100 year of testimony from, York Street Gospel Hall, Leicester
On Saturday 30 April 2011 the saints at York Street Gospel Hall were joined by visitors from near and far, as they celebrated one hundred years of testimony in the present Gospel Hall. Thanksgiving for the Lord’s faithfulness included a summary of the history of the assembly from Peter Chinnery, the preaching of the gospel by Paul Bannister and ministry on Psalm 100 by David E. West.
Although little is known of the early days of assembly testimony in Leicester, believers - about eight in number - first gathered to the Name of the Lord in rented accommodation in April 1889. By 1911 numbers had risen to eighty prompting the believers to seek accommodation that was larger and more permanent. A nearby Baptist chapel was vacant, and the main hall of the present building was purchased in April 1911. The assembly has occupied this accommodation ever since.
March 1912 saw the first baptisms when seventeen believers were obedient to the Lord, and in 1914 a horse drawn caravan or ‘Gospel Car’ was purchased for use in the open air in the villages of Leicestershire and in the market place in the city centre. This continued up to the Second World War.
In July 1921 pressure on space led to the acquisition of two cottages adjacent to the hall. One of these became known as the ’Mission Room’ and was dedicated to children’s work and Bible class activities. These activities soon outgrew this accommodation and, in 1936, it was decided to demolish the two cottages and build the present classrooms.
The years of the depression in the 1930s saw a surge in assembly testimony. By 1932 there were 201 believers in fellowship at York Street and outreach continued to be a priority. In January 1930 a Sunday School outreach was started in the home of one of the believers in the Braunstone district of Leicester. In June 1934 forty believers from York Street moved to establish a new testimony and the Braunstone Avenue Gospel Hall was opened. In 1934 an outreach work commenced in Syston with believers from York Street supporting Sunday School and gospel activities. On 25 July 1936 the Broadway Gospel Hall, Syston, was opened and, on 12 June 1938, ten believers gathered to remember the Lord for the first time. After the start of the work at Braunstone and Syston there remained about 180 believers at York Street.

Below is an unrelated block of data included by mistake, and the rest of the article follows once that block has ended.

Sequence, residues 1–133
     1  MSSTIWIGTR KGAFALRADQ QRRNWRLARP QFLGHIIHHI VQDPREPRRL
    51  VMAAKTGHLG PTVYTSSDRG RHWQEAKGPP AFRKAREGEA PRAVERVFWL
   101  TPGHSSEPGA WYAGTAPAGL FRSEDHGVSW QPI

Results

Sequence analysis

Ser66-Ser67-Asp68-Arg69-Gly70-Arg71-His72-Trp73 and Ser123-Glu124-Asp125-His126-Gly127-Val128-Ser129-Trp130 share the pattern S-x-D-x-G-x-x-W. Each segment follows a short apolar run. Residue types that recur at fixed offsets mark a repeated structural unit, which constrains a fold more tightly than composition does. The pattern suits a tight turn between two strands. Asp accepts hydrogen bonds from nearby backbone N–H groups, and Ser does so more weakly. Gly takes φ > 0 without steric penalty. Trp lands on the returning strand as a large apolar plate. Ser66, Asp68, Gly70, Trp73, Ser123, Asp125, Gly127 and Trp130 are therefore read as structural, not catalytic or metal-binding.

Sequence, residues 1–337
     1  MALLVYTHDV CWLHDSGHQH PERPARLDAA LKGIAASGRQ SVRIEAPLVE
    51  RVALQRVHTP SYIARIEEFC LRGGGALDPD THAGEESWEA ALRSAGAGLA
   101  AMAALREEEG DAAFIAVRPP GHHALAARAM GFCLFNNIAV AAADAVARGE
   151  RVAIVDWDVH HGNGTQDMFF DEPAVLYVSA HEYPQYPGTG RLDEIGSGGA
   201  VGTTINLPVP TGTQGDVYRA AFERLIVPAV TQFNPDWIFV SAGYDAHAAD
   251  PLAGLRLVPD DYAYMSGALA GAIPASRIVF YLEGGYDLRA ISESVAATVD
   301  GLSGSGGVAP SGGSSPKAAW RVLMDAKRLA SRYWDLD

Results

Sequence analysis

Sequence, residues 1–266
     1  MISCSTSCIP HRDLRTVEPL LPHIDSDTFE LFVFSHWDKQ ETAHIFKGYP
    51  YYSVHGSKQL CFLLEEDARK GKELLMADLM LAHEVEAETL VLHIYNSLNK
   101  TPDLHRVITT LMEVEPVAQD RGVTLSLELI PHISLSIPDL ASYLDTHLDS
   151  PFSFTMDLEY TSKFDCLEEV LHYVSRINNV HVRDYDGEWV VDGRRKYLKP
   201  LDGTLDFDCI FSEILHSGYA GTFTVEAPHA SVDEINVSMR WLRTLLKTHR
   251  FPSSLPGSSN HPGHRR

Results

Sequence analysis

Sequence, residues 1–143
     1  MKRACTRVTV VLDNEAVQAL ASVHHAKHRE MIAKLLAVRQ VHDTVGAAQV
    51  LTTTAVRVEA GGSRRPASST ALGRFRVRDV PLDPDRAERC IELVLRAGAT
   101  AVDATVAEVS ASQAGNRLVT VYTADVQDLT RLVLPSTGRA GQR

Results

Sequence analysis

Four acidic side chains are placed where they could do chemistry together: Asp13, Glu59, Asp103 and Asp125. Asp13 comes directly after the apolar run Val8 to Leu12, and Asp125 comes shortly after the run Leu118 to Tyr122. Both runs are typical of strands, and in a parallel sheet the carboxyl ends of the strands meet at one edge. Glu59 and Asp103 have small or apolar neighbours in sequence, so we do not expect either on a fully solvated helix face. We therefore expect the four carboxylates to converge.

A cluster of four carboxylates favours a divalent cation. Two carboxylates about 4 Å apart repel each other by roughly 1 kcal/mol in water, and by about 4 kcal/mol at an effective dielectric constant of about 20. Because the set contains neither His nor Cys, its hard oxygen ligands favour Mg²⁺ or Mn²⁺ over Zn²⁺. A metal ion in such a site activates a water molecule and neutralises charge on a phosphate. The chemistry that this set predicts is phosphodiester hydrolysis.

The believers at York Street were active throughout the Second World War. Only once did enemy action interrupt the meetings when a young women’s class had to spend the night in an air raid shelter. The gatherings on the Lord’s Day continued without a break and, as the war continued, outreach increased. Sunday afternoon tea was provided for soldiers and airmen, and then, later, for German prisoners of war. Special gospel meetings were held in German.
In 1949 a summer camp was commenced during the August bank holiday for boys from the Sunday School; this was later extended to a second week for girls in 1962. God has blessed this outreach with many boys and girls being saved, baptized and the assembly was encouraged as a result.
Further expansion of assembly testimony took place in the 1950s. In the summer of 1950 a Sunday School work commenced on the newly built Evington/Goodwood estates which in turn led to the opening of the Goodwood Gospel Hall on 19 November 1955. Twenty-five believers from York Street formed the new assembly at Goodwood which left 125 in fellowship at York Street at the end of 1955. By the end of 1958 the number had risen to 140.
With the surge in re-housing in the 1950s people moved out of the vicinity of York Street and as a result Sunday School attendance dropped. From this time onwards children have had to be transported from further afield.
There are now some 70 believers in fellowship and the outreach today is still busy with open-air meetings around the Clock Tower in the summer and a regular tract stall in the Town Hall Square.
The Lord has been very good to us over the years and we praise Him for His continued help and blessing in the work for over 100 years.